Cincinnati holds a distinguished place in the history of the planning profession, as the first major American city to officially endorse a comprehensive plan (1925). With the completion of Plan Cincinnati, which will be presented to the city's the Planning Commission today, the city's planning department hopes to capitalize on the comeback led by Mayor Mark Mallory to refocus Cincinnati on a comprehensive vision for the city, after a contentious period of squabbling between developers and officials.
According to Simes, "The renewed focus on urbanism in the Plan Cincinnati document establishes 11 goals that range from growing the city's population, to becoming more aggressive with economic development, to developing a culture of health. One of the key goals set out by Plan Cincinnati calls on leadership to build on the city's existing assets. To that end, the plan identified 40 Neighborhood Centers that should serve as the diverse, walkable centers of activity throughout the city."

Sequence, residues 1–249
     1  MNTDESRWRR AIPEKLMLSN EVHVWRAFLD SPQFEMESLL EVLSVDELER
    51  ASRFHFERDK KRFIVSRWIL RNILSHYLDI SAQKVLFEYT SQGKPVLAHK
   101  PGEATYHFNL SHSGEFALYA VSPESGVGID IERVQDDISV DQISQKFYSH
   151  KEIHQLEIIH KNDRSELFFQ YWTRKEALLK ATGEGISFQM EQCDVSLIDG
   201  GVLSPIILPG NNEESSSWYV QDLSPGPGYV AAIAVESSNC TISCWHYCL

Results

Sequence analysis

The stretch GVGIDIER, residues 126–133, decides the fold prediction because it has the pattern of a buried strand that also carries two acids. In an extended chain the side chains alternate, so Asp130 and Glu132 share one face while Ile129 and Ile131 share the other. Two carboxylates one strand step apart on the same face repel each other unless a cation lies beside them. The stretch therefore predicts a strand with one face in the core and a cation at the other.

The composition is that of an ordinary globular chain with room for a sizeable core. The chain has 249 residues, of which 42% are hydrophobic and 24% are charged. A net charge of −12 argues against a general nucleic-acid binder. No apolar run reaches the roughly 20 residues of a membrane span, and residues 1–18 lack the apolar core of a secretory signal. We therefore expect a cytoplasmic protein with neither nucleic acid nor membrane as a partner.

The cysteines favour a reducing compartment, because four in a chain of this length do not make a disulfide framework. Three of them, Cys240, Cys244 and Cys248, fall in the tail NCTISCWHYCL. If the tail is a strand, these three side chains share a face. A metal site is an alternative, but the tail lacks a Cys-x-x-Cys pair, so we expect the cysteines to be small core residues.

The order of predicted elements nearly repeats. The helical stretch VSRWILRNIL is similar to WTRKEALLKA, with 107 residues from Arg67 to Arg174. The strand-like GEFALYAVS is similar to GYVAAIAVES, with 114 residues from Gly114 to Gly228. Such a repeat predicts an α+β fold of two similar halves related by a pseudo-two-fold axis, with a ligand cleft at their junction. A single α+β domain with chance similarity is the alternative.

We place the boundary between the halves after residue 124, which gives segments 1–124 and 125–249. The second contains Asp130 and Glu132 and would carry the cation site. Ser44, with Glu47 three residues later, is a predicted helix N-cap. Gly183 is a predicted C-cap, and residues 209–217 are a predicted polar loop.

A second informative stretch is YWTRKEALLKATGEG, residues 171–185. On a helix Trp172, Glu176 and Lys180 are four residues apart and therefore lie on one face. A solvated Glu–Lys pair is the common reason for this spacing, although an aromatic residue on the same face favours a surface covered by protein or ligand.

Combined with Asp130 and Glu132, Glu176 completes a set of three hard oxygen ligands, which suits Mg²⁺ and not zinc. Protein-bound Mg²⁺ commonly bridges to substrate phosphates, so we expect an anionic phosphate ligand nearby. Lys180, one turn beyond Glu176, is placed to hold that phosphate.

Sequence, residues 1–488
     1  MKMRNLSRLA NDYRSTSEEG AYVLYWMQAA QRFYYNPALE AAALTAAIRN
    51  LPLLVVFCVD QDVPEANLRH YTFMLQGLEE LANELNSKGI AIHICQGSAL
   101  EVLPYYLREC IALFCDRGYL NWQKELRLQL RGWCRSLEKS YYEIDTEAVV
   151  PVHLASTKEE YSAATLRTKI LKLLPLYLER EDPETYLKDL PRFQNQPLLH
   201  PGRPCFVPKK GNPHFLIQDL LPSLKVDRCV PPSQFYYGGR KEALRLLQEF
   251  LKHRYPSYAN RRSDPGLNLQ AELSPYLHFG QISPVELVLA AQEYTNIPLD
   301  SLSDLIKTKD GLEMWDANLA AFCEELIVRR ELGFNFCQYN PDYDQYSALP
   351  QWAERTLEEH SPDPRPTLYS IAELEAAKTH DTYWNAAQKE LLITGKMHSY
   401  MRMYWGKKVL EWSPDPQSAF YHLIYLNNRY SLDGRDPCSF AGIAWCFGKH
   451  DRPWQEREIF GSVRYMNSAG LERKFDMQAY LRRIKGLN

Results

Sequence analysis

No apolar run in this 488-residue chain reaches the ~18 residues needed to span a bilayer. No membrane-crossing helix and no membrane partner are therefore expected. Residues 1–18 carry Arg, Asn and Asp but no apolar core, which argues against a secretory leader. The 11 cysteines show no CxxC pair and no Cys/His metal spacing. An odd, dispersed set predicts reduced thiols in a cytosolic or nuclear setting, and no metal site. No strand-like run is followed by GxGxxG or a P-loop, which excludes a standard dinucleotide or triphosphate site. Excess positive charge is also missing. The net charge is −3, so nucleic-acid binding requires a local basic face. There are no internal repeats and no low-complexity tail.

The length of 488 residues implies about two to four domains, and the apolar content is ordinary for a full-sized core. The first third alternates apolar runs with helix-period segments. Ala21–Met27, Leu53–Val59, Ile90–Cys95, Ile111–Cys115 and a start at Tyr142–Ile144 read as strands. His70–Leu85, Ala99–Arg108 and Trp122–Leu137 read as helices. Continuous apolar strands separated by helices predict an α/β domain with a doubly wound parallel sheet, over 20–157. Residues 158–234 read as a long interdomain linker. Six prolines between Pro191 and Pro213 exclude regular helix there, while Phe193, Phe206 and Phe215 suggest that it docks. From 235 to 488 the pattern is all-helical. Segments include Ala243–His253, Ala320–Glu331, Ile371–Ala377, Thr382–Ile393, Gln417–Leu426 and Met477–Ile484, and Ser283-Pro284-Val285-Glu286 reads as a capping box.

"City planners acknowledge, however, that building upon existing assets will not be enough in order to create the envisioned outcomes identified within PLAN Cincinnati. As a result, the document identifies 14 preliminary opportunities (see second map) for future mixed-use development that can eventually serve as new neighborhood centers where they are currently lacking."